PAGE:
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Book Review: Mary Jane by Jessica Anya Blau

Mary Jane by Jessica Anya Blau is a coming of age novel taking place in Baltimore, Maryland. During the 1970's, fourteen year old Mary Jane is caught in the middle of her family's conservative ideals and the progressive ideals of the Cone family where she is a summer nanny. Mary Jane is a sheltered teen who enjoys cooking with her mother, listening to Broadway Show Tunes, and singing in the church choir. On the first day of work, she is shocked at the mess in the Cone's home and introduces them to home cooked meals and keeping the house clean. In return, Mary Jane gets a front row seat to sex, drugs, and rock & roll. This novel was the selected for the book club I belong to. Again, this is a novel that I likely wouldn't have chosen to read on my own, but I was glad I did. Mary Jane is the first novel I've read by Jessica Anya Blau, and I was impressed with her storytelling.  Touching on race, class, and stereotypes, along with drugs and infidelity, it reminded

Book Review: The Train by Diane Hoh

book review the train

The Train by Diane Hoh opens with Hannah, Kerry, Mack, and Lewis, along with other students from Parker High School, boarding a train in Chicago for a cross country school trip to San Francisco. Once on the train, they find out a deceased student from their school was being transported back to his parents, and the friends start admitting to how horribly they had treated Frog before he died. Then, horrible things started happening to them on the train, and it seems like Frog is out for revenge.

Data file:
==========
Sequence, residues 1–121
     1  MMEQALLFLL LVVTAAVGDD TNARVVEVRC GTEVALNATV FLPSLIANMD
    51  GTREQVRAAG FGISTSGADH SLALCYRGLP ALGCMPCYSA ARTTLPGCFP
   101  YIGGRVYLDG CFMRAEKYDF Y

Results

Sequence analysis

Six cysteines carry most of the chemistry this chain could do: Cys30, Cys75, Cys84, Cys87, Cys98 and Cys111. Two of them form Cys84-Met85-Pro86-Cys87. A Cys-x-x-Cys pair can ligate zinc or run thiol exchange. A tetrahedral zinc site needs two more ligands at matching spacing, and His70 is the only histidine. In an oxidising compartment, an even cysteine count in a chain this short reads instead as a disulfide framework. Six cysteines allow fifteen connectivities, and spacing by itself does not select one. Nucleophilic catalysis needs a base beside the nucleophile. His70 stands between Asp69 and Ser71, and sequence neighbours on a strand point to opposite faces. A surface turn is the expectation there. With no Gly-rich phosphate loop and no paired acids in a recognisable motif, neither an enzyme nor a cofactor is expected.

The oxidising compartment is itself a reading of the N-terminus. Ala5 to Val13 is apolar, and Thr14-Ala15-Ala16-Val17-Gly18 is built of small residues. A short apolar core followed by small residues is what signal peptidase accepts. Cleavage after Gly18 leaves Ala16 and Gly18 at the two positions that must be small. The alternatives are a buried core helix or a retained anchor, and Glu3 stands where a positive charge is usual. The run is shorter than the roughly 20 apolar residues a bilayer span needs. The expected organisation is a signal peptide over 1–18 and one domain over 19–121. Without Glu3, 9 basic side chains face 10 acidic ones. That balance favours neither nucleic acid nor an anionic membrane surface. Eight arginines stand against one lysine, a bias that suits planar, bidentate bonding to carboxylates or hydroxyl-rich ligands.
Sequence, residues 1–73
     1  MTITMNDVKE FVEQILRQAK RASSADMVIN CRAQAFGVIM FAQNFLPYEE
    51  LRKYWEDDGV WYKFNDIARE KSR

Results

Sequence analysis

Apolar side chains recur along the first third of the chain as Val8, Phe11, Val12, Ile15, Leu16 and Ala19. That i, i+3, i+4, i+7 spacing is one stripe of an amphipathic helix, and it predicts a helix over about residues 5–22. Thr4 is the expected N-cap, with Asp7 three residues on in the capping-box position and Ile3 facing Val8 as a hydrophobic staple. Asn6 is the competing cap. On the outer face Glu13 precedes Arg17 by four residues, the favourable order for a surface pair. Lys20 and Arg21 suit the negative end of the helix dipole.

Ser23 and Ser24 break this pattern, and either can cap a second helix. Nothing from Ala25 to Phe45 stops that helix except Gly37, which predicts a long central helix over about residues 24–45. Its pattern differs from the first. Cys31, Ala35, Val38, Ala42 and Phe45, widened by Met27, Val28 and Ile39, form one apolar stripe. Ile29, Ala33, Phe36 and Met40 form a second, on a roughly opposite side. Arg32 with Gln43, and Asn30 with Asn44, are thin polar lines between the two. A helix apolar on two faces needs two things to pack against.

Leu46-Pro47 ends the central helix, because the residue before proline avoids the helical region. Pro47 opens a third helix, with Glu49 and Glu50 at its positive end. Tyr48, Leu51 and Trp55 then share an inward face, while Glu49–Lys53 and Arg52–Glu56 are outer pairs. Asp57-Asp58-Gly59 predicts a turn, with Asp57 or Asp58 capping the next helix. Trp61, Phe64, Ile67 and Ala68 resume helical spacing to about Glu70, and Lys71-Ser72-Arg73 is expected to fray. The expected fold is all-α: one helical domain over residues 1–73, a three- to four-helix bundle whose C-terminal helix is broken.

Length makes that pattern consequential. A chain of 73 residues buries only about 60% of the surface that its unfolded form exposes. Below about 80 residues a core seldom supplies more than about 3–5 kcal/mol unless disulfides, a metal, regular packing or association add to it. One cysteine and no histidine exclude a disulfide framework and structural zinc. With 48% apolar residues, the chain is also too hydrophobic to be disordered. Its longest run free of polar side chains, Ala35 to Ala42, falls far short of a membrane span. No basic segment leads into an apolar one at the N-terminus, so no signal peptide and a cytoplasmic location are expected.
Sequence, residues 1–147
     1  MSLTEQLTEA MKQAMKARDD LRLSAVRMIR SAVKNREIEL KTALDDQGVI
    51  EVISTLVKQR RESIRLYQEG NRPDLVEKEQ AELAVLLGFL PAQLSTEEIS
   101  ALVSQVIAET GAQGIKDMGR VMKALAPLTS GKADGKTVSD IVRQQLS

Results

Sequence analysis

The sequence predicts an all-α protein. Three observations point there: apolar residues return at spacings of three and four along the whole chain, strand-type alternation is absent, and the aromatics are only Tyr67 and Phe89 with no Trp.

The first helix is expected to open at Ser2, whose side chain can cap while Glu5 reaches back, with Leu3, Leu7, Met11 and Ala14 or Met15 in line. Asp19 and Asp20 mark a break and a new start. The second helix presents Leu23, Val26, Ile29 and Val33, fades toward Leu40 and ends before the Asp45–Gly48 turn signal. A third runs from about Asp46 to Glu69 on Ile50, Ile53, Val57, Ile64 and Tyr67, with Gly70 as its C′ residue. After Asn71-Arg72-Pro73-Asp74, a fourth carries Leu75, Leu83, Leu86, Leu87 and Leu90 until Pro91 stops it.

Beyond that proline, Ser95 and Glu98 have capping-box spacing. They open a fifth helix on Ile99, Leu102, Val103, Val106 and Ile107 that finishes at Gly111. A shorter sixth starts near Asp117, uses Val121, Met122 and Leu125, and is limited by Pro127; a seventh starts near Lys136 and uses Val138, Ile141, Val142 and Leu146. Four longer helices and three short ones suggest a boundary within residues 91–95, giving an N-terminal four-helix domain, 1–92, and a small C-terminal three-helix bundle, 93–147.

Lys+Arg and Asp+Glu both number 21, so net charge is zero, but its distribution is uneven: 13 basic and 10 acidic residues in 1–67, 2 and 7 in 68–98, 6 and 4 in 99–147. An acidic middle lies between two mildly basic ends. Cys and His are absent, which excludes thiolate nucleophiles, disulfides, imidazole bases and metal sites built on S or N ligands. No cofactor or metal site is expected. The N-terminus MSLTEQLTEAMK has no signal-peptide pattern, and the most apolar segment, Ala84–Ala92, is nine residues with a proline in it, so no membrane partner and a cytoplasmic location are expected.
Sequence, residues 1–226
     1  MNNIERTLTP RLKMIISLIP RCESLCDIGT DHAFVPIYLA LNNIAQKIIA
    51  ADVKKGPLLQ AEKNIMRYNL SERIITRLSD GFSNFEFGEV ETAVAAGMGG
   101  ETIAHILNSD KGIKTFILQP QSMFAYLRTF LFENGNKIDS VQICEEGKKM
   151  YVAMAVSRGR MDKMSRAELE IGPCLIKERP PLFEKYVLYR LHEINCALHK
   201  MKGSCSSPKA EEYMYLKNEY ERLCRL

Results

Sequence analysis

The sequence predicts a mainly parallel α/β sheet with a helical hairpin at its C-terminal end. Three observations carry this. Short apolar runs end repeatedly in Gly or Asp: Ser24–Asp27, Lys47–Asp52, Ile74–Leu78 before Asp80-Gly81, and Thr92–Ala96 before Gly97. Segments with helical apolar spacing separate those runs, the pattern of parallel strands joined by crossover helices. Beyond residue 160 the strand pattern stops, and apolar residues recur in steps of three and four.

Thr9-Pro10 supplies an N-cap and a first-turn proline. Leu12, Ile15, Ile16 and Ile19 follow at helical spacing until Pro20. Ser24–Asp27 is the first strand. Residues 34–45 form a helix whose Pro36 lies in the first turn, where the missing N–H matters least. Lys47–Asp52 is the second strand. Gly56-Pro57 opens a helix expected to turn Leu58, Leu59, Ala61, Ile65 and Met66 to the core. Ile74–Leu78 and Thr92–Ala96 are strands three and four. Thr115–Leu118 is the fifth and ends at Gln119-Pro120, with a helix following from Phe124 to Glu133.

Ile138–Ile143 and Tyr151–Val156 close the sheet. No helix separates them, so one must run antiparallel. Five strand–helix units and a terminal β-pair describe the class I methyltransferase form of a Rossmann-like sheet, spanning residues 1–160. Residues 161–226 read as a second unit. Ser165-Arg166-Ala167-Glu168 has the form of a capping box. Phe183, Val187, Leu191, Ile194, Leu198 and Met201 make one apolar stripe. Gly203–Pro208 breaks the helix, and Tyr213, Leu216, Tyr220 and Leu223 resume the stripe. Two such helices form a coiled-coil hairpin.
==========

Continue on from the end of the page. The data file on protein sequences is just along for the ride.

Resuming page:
Rereading this book as an adult and having read most of Agatha Christie's books, The Train loosely reminded me of Murder on the Orient Express but in reverse. This book also has a very Stephen King vibe to it but is kid friendly. With that being said, I still am a bit jumpy from reading it as an adult.

This is a book that I originally read when I was either a tween or a teen. Usually when I reread books from my childhood, I generally remember what happens as I work my way through the book. However, I didn't recall most what happened in The Train except one or two small things, so it was like reading it for the first time again. One of the things I remembered was the small typo in the way a sentence was worded. You'll have to find it for yourself though.

What I loved about this book is that it deals with something that still goes on in schools today . . . bullying. Hopefully, if a kid reads this book today, it will resonate with them about the consequences of bullying can have. Once all the main characters revealed the nasty things they had done to Frog, it made me incredibly sad for this fictional character and really impacted me even as an adult. I know this is only a book of fiction, but people in real life can be so cruel and don't realize what their actions can do to people.

I gave The Train by Diane Hoh five out of five stars because of how well written it is and has stood the test of time. If you liked this book, I recommend April Fools by Richie Tankersly Cusick.


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